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Space time Curvature around the Earth

  1. Jun 25, 2012 #1
    Hi all,

    I am wondering if it is possible to calculate, using Einstein Tensor, the space time curvature around the Earth. As far as I understand, Einstein Field Equations tell us that the presence of a matter curves the space time. So space time curvature is gravity and gravity is space time curvature.

    So the questions are:

    1) Can we get Einstein Tensor for the Earth (Ricci+1/2metric*Ricci Scalar)

    2) Can we calculate the Stress-Energy-Momentum Tensor of the Earth?

    Basically, zero-zero component of Stress-Energy Tensor is energy density. So according to famous E=mc^2, energy density is equal to mass density times c^2. But I have no idea how to calculate the Momentum or Stress of the Earth.

    Thank you!

    Joe W.
     
  2. jcsd
  3. Jun 25, 2012 #2

    Mentz114

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    We can get one for the inside of the earh, and one for the empty space around the earth. They are called the Schwarzschild interior and Schwarzschild vacuum solutions.

    Not exactly, but stellar interiors have been modelled using the Schwarzschild interior solution.

    See http://en.wikipedia.org/wiki/Schwarzschild_metric and linked pages.
     
  4. Jun 25, 2012 #3
    Why we cannot calculate Stress-Energy Tensor for the Earth? Thank you.
     
  5. Jun 25, 2012 #4

    Mentz114

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    In principle it could be done, and maybe it has been done but the exterior solution is not dependent on the SET, only on spherical symmetry. Calculating the SET of the Earth wouldn't be very useful in GR.
     
  6. Jun 25, 2012 #5
    Still is it possible to solve the Einstein Field Equations for Earth? If yes, how?
     
  7. Jun 25, 2012 #6

    Mentz114

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    Not exactly, but we can solve the EFE for a spherically symmetric gravitational source and a rotating spherically symmetric source. These solutions are good approximations for planets and stars.

    Any good textbook will show how to derive the metric from the field equations in the spherically symmetric case.
     
  8. Jun 25, 2012 #7
    So what inputs should I put into EFE to get a solution for a rotating spherically symmetric source. I would like to see how it is obtained from G(mu,nu)=8piT(mu,nu) to a real solution for a rotating spherically symmetric source. Thank you.
     
  9. Jun 25, 2012 #8

    WannabeNewton

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    What textbook are you using? It should have a section on the Kerr metric. That is what you want to look at.
     
  10. Jun 25, 2012 #9

    Mentz114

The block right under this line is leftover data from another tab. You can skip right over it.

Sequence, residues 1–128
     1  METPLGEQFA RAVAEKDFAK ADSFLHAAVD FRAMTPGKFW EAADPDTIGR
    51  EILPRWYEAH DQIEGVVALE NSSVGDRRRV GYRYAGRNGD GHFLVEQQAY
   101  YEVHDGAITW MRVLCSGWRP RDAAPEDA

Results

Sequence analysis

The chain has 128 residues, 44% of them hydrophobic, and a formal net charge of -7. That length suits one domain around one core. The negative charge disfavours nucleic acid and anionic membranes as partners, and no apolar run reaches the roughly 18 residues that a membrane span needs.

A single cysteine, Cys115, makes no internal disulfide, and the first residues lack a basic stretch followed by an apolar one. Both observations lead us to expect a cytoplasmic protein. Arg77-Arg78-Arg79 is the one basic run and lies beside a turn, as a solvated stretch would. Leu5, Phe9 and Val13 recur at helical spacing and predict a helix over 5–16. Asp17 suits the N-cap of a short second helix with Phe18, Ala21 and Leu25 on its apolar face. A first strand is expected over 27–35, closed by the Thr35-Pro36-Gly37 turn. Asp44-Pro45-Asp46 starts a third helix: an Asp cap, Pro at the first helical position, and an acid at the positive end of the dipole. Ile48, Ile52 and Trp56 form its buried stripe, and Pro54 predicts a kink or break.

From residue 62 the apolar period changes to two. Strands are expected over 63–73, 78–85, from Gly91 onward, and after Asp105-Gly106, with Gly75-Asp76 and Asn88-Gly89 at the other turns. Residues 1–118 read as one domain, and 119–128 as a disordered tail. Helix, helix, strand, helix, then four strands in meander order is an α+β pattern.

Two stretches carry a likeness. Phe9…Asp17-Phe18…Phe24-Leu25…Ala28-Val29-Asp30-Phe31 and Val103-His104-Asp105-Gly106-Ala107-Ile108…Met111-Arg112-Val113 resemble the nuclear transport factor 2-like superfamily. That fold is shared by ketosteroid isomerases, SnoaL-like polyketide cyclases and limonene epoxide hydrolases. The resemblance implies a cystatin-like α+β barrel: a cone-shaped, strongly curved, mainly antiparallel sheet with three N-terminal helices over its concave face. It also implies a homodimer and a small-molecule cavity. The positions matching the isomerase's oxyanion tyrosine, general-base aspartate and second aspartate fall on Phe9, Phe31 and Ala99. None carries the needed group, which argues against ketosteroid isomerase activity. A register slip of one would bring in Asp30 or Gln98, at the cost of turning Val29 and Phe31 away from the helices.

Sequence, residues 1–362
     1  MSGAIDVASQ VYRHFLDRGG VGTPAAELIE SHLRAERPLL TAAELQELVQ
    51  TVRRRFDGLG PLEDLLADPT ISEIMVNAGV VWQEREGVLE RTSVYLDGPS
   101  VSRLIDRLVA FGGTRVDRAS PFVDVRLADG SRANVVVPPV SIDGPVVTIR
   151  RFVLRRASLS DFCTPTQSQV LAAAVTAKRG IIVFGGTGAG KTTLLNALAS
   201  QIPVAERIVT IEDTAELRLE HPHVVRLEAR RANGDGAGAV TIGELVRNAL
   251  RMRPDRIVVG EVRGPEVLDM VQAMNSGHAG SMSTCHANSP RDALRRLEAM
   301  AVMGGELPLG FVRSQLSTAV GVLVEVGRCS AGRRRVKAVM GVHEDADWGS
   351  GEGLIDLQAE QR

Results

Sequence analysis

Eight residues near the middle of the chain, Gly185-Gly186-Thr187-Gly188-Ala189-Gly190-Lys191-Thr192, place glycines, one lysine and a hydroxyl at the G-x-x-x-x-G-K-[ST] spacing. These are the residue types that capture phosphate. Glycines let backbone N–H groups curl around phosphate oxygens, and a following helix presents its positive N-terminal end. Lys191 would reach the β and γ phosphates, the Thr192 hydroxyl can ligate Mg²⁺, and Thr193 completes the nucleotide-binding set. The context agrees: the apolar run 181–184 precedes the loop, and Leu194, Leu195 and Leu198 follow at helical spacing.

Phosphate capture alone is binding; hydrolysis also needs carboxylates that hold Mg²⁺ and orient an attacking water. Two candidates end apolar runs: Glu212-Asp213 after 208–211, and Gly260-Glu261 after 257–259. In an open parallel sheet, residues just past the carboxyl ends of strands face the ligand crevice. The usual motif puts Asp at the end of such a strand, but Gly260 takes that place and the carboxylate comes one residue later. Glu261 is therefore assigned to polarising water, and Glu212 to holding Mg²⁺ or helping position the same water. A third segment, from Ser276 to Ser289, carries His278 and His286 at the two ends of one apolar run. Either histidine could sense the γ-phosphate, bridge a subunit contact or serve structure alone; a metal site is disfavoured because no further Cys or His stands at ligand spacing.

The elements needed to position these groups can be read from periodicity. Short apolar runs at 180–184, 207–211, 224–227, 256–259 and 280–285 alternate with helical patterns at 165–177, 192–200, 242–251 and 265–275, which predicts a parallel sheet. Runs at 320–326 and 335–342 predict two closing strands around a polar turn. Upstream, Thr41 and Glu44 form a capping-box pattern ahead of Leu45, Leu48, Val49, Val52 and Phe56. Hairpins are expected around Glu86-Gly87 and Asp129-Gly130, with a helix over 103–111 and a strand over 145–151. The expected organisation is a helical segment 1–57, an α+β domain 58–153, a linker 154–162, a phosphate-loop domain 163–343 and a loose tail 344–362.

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    I suggest you start doing some research and look for the derivation of the Kerr metric ( rotating spherical source).
     
  11. Jun 25, 2012 #10
    I am not using the textbook. I just started watching Leonard Susskind's lectures on GR.
     
  12. Jun 25, 2012 #11
    I looked up to Kerr metric, and I have 2 questions.

    1) It tells about tau, the proper time? Is it time which is "true" or what?

    2) Is Kerr metric a solution of EFE? How is it derived from EFE?

    Appreciate your help.
     
  13. Jun 25, 2012 #12

    Mentz114

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    I don't think you're learning much from those TV lectures.

    You should read Carrolls lecture notes which are freely available, and understand special relativity before tackling GR.
     
  14. Jun 25, 2012 #13
    Your advice is well noted! Thanks! I'll certainly review them.
     
  15. Jun 25, 2012 #14
    I find Susskind's youtube lectures to be awful. He tends to go off on tangents, ramble, and doesn't really explain things clearly. My advice is to get a good intro textbook. The first one I used was Schutz.
     
  16. Jun 25, 2012 #15
    Yes, I agree. The main problem I found with Susskind's lectures is lack of examples. I mean, in real classes a teacher gives out a formula then gives an example of that formula in use. But Susskind just talks about theory. And his GR lectures are not the best way to understand the differential geometry but one thing which he does well is explaining Black Holes. I mean he spent most time of his carer as a physicist tackling the Black Hole Information Paradox so...it not unusual.
     
  17. Jun 25, 2012 #16

    WannabeNewton

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    Try Hartle's Gravity. It's an introductory GR text with tons of examples and tons of concrete problems that range from very easy to annoying so you get a varied palette. Schutz is good too but he doesn't have as many examples so you can figure out whats going on before you jump in yourself. He has a great chapter on gravitational waves though if that is of great interest to you.
     
  18. Jun 25, 2012 #17
    Yes, I know Introduction to GR by Hartle is a very good choice (probably the BEST!).

    Also, which book would you suggest to review all of undergrad physics?
     
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